Director: Ivan Reitman

When I was a kid, it was fairly common for me to get wrapped up in whatever cartoon/toy line was hot at the time. I would get absolutely addicted. If you don't believe me, I need to let you go through the various old boxes in my attic. I still have all my old He-Man and Teenage Mutant Ninja Turtles toys up there. Each of them continue have a special nostalgic place in my heart, but one of the few fads from my youth that I never really got over was the Ghostbusters. I was a mere two years old when the movie originally hit theaters in the summer of 1984, but I was absolutely enthralled with the cartoon that began airing Saturday mornings on ABC beginning in 1986. I had all the toys, the books, the lunchboxes, I played the video games, and I even dressed up as a Ghostbuster for Halloween one year. But it wasn't just the cartoon I loved; it was the movie as well. I absolutely wore out my copies of the movie and the soundtrack, to the point that I think my parents were getting sick of them. The movie frequently turns up on lists of the funniest movies of all time and is one of my personal favorites, so let's get to the review and find out why.

GHOSTBUSTERS (1984)Our tale of the supernatural follows three eccentric parapsychology professors: over-enthusiastic Ray Stantz (Dan Aykroyd), nerdy Egon Spengler (Harold Ramis), and cynical womanizer Peter Venkman (Bill Murray). Their theories regarding the existence of the supernatural and the possibility of containing them are dismissed as signs of incompetence and the trio are fired from their cushy jobs at Columbia University, despite having actual visual contact with a ghost. They don't let their newfound unemployment bring them down, so the three associates go into business for themselves as the Ghostbusters, New York City's only paranormal investigators and eliminators.

Though business is quite slow — practically nonexistent — for them at first, they draw the attention of Dana Barrett (Sigourney Weaver), whose refrigerator may or may not be a portal to some demonic otherworld. After visiting the Ghostbusters's office to ask for help, Peter is immediately smitten and takes the case. He visits her apartment and fails to find any evidence of supernatural activity, but promises to solve her problem despite making a bad impression with his flippant and flirtatious attitude. However, Dana is almost pushed to the backburner when their first big bust pushes the Ghostbusters into the national spotlight. Everything from newspapers to political and scientific journals to talk shows and Casey Kasem's radio countdown has something to say about them. And as their business booms exponentially, the demand for their services becomes so high that they're forced to hire a fourth Ghostbuster, blue-collar Winston Zeddemore (Ernie Hudson), to help lighten the workload.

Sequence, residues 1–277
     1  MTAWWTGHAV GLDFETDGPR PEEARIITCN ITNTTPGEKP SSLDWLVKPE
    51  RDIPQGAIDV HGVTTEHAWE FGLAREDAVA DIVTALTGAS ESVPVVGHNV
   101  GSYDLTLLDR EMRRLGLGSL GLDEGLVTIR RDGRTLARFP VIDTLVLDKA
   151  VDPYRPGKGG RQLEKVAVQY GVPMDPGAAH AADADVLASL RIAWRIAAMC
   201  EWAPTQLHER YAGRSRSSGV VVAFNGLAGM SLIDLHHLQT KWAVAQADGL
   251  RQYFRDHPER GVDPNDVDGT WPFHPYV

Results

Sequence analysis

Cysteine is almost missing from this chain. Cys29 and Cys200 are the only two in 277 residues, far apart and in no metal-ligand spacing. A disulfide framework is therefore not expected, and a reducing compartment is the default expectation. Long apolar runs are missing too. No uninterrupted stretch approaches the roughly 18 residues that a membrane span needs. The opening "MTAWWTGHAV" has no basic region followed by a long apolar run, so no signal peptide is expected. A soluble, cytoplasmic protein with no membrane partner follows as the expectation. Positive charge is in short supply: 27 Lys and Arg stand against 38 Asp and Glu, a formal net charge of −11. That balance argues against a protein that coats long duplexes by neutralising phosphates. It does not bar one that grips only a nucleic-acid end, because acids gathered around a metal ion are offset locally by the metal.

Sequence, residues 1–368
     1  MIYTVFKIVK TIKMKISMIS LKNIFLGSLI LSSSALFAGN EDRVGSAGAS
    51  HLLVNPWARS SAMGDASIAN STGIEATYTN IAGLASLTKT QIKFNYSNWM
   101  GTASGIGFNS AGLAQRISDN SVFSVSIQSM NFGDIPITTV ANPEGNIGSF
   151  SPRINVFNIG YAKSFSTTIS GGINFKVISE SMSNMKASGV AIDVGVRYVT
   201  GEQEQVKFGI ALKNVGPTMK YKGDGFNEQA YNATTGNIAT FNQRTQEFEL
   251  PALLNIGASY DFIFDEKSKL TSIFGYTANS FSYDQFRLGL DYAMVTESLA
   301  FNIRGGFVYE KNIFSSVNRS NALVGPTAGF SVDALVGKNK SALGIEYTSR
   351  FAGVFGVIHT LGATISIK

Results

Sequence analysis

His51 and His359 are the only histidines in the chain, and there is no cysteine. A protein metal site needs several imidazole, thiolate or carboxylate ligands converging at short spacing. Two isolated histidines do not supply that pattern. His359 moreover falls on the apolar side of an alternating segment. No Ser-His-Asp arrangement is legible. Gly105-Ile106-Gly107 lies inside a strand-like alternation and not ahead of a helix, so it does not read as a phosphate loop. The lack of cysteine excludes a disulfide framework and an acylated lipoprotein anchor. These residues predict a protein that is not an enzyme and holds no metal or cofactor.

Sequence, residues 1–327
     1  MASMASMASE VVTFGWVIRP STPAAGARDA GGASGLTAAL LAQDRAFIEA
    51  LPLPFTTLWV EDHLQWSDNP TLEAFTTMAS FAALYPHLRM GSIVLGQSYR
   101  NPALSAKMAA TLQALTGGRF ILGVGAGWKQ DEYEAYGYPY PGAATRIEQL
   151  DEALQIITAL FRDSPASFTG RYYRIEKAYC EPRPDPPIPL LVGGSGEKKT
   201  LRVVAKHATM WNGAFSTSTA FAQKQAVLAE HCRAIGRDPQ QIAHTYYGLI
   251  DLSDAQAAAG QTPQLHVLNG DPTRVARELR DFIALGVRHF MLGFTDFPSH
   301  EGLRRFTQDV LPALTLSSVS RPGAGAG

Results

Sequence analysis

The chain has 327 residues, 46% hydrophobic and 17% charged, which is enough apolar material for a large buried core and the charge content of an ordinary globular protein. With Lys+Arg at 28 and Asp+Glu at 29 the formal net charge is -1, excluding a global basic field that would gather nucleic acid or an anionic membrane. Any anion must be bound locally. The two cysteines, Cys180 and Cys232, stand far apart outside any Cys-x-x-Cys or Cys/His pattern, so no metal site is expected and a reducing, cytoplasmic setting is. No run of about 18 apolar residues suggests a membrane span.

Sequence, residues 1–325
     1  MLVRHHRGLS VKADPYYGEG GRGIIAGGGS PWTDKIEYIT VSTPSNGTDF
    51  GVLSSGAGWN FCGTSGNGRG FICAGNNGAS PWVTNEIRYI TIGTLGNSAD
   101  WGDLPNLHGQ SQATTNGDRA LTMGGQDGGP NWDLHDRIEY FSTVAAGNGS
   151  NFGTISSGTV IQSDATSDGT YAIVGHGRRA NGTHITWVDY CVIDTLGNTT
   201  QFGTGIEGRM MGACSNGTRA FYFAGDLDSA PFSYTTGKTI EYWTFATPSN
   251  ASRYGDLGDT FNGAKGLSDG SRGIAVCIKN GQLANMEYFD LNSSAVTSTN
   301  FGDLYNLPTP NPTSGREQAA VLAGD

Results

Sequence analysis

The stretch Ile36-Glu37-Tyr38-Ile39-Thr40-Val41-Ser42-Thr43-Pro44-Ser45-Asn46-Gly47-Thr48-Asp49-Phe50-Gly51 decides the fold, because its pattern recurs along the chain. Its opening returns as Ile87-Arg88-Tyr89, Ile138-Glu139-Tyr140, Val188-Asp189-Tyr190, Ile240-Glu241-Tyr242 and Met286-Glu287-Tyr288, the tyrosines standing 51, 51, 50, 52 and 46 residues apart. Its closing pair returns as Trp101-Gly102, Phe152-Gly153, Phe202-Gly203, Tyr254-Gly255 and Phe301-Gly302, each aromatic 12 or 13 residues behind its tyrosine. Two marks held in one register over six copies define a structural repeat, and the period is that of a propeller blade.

As time goes by, it becomes apparent that foul things are afoot in Manhattan. Dana's neighbor, a nerdy accountant by the name of Louis Tully (Rick Moranis), has become possessed by an entity that refers to itself as Vinz Clortho. He eventually ends up in Egon's care, where we learn his story: Vinz is the servant of an ancient Sumerian god named Gozer, and that his role in the grand scheme of things is that he is "the Keymaster of Gozer." Once he contacts another entity named Zuul, who we're told is the Gatekeeper of Gozer, the gates to Gozer's dimension will be opened and the apocalypse will be unleashed. So as Egon is quick to surmise, getting the Keymaster and Gatekeeper together would be bad times. And just their luck, Peter accidentally discovered exactly who Zuul has possessed: Dana. What were the odds of these two living next door to one another?

But this isn't the only thing the Ghostbusters have to worry about. Their massive success has attracted the attention of EPA inspector Walter Peck (William Atherton), a ruthless bureaucrat who is convinced that the Ghostbusters are nothing more than con artists using cheap parlor tricks to swindle innocent people out of their money. After Peter blows off Peck's inquiry about the safety and legality of their containment system, Peck returns with some police and a utility worker, along with a court order to cut the building's power. Despite being warned of the dire consequences, Peck gets the power shut down as he wanted. Naturally, that's not good. The containment unit goes up like a Roman candle, releasing the massive number of ghosts imprisoned inside it and allowing them to wreak havoc upon the city. In all the confusion, Louis escapes and heads straight for Dana's apartment while Peck has the Ghostbusters for causing the explosion. That's pretty stupid, if you ask me. He's the one that pulled the plug on the thing despite being told on numerous occasions that it was a bad idea.

While stuck in a prison holding cell, the Ghostbusters get a chance to study the blueprints of Dana and Louis's apartment building in Central Park West. Turns out that an insane physician and architect by the name of Ivo Shandor deemed society "too sick to survive" after the first World War, and founded a secret society dedicated to worshipping Gozer. Shandor designed the building as an antenna to bring Gozer to our world, and his cult performed rituals on the roof with the intention of ending life as we know it. And if you'll pardon the cliché, with the possessed Dana and Louis getting together and opening the portal, all Hell is about to break loose. The Ghostbusters are eventually called out of their cell by the mayor (David Margulies) with the hopes that they'll be able to explain what's going on. They explain the whole deal about Gozer and how the apocalypse is on its way, and in spite of Peck's baseless accusations about them, the mayor lets them go and gives them a full police escort to Central Park West. It all comes down to a big showdown atop the roof, as the Ghostbusters face off against Gozer (Slavitza Jovan) and — of all things — a 112-foot-tall marshmallow man.